Three out of every seven people in the state will likely experience a clinically significant mental illness in 2021 with that number expected to rise in the coming years, according to Comprehensive Healthcare officials.

The uncertainty caused by COVID-19 over the past year has also contributed to impacting the overall mental health of individuals in the lower valley.

May is National Mental Health Awareness Month, which has been observed in the United States since 1949.

“This month is really about emphasizing the overall well-being of our communities. Recognizing the importance of mental health to overall health and the integral role that behavioral healthcare plays in healthcare itself,” Comprehensive Healthcare President and CEO Jodi Daly said in a media release on May 4.

Positive two-way communications have begun to create a heightened level of community awareness that bodies and minds are intrinsically linked; an essential component to living healthy and productive lives.

The National Alliance on Mental Illness (NAMI) continues to amplify the public message of ‘You Are Not Alone.’ They pledge to use this time to focus on the healing value of connecting in safe ways, prioritizing mental health, and acknowledging that it’s okay to not be okay.

Another goal is to also draw attention to suicide, which can be precipitated by some mental illnesses. Additionally, Mental Health Awareness Month strives to reduce the stigma of negative attitudes and misconceptions that surrounds mental illnesses.

“We lost 90,000 people across the country this past year from fatal overdose. It’s really near and dear to every family, and it’s especially near and dear to me,” Comprehensive Health Care Sunnyside, Advanced Registered Nurse Practitioner (ARNP) Dawn O’Keefe stated.

She attributed the death rates do the isolation caused by the pandemic and increased availability to fentanyl, which is a synthetic opioid.

“It is absolutely preventable and devastating to our communities and our families,” O’Keefe expressed. “It doesn’t discriminate on age. It doesn’t discriminate on socio-economic background.”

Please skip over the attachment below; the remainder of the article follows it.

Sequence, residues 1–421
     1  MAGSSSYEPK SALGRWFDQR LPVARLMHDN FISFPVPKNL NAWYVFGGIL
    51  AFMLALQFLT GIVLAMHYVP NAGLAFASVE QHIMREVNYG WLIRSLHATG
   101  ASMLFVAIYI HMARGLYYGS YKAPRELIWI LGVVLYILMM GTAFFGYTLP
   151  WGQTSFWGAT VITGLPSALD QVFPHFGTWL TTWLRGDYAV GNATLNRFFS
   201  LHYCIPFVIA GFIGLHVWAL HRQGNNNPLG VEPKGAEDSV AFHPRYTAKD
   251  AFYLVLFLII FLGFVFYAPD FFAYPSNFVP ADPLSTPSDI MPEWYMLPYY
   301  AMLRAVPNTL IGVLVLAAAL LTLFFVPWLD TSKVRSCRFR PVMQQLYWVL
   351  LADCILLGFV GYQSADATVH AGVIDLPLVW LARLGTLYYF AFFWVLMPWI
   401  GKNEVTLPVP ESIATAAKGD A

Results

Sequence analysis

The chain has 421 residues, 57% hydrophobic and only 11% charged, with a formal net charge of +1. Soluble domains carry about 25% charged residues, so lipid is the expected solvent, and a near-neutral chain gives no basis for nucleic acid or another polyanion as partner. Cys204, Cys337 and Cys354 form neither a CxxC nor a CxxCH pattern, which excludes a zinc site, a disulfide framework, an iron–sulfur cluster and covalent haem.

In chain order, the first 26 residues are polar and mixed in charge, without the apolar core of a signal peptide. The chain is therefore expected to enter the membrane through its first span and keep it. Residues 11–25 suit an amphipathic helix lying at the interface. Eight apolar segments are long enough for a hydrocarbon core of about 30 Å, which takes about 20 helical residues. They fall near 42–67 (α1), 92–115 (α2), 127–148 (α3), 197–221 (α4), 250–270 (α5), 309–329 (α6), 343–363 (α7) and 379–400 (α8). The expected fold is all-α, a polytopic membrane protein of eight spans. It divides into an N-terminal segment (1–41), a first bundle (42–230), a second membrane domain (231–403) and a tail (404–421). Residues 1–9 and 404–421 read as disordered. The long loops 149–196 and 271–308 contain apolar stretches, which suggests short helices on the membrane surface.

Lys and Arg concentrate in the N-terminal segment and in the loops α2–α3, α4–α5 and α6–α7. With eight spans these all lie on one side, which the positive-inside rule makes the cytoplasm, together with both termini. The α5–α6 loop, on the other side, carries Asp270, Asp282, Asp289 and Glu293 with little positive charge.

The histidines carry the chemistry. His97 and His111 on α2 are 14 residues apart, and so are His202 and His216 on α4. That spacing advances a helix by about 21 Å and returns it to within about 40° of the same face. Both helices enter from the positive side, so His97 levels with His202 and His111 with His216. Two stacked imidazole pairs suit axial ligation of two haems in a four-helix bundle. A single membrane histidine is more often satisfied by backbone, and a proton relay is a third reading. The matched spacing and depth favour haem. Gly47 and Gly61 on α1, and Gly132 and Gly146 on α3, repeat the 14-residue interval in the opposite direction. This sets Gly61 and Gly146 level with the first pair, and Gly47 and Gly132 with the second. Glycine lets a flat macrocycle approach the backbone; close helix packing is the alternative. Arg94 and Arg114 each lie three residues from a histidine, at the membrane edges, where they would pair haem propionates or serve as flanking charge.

There are many ways the public can advocate their support of Mental Health Awareness Month. Social media users can update their network accounts by sharing important and supportive messages online to encourage engaging discussions. Visit the organization’s social media pages which feature images, messages and content available for sharing.

To commemorate the national outreach campaign, Comprehensive Healthcare will provide free and online public education classes for local employers, healthcare professionals and community members.

The local organization plans to conduct a Suicide Awareness For Everyone (SAFE) training on Tuesday, May 18 at 3 p.m. The following week, they will host a Cumulative Stress, Self-care and Resilience workshop on May 25 at noon.

Both programs offer helpful skills essential to recognizing and responding to individuals in crisis or knowing how to approach a co-worker, family member or friend about mental health concerns. To sign up for these events, visit www.comphc.org and click on the news menu to access the calendar of events.

The training activities, along with Youth and Adult Mental Health First Aid courses are available at Comprehensive Healthcare throughout the year. Individuals or organizations interested in hosting or attending the sessions can contact 509-575-4084 or visit their website for additional information.

On Thursday, May 20, a Facebook Live event at facebook.com/comprehensivehealthcare page called, “Ask Me Anything.” Clinicians and a peer support counselor with lived experiences will discuss commonly asked questions they receive about mental health and substance use. Subject matter experts will also invite viewers to share their questions about mental health including therapy, symptoms, crisis situation and more.

Many people who struggle with a mental illness don’t know where to begin to start seeking help. However, it’s imperative the community knows that they are not alone and there are options for coping, Daly conveyed.

Patrick Shelby can be contacted at 509-837-4500, ext. 110 or email PShelby@SunnysideSun.com

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